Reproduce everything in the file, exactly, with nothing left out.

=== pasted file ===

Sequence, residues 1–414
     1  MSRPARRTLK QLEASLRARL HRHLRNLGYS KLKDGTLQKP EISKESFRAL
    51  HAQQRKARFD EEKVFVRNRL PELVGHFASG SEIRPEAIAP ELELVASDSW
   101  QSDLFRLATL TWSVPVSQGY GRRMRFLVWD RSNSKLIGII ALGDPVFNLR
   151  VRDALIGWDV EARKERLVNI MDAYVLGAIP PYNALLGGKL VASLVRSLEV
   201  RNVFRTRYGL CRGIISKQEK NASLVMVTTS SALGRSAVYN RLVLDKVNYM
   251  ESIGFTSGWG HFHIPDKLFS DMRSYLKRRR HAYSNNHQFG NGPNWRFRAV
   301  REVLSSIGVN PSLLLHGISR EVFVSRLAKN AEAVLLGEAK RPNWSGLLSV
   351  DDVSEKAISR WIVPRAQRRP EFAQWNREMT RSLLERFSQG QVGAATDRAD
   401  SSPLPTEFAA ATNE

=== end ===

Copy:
Sequence, residues 1–414
     1  MSRPARRTLK QLEASLRARL HRHLRNLGYS KLKDGTLQKP EISKESFRAL
    51  HAQQRKARFD EEKVFVRNRL PELVGHFASG SEIRPEAIAP ELELVASDSW
   101  QSDLFRLATL TWSVPVSQGY GRRMRFLVWD RSNSKLIGII ALGDPVFNLR
   151  VRDALIGWDV EARKERLVNI MDAYVLGAIP PYNALLGGKL VASLVRSLEV
   201  RNVFRTRYGL CRGIISKQEK NASLVMVTTS SALGRSAVYN RLVLDKVNYM
   251  ESIGFTSGWG HFHIPDKLFS DMRSYLKRRR HAYSNNHQFG NGPNWRFRAV
   301  REVLSSIGVN PSLLLHGISR EVFVSRLAKN AEAVLLGEAK RPNWSGLLSV
   351  DDVSEKAISR WIVPRAQRRP EFAQWNREMT RSLLERFSQG QVGAATDRAD
   401  SSPLPTEFAA ATNE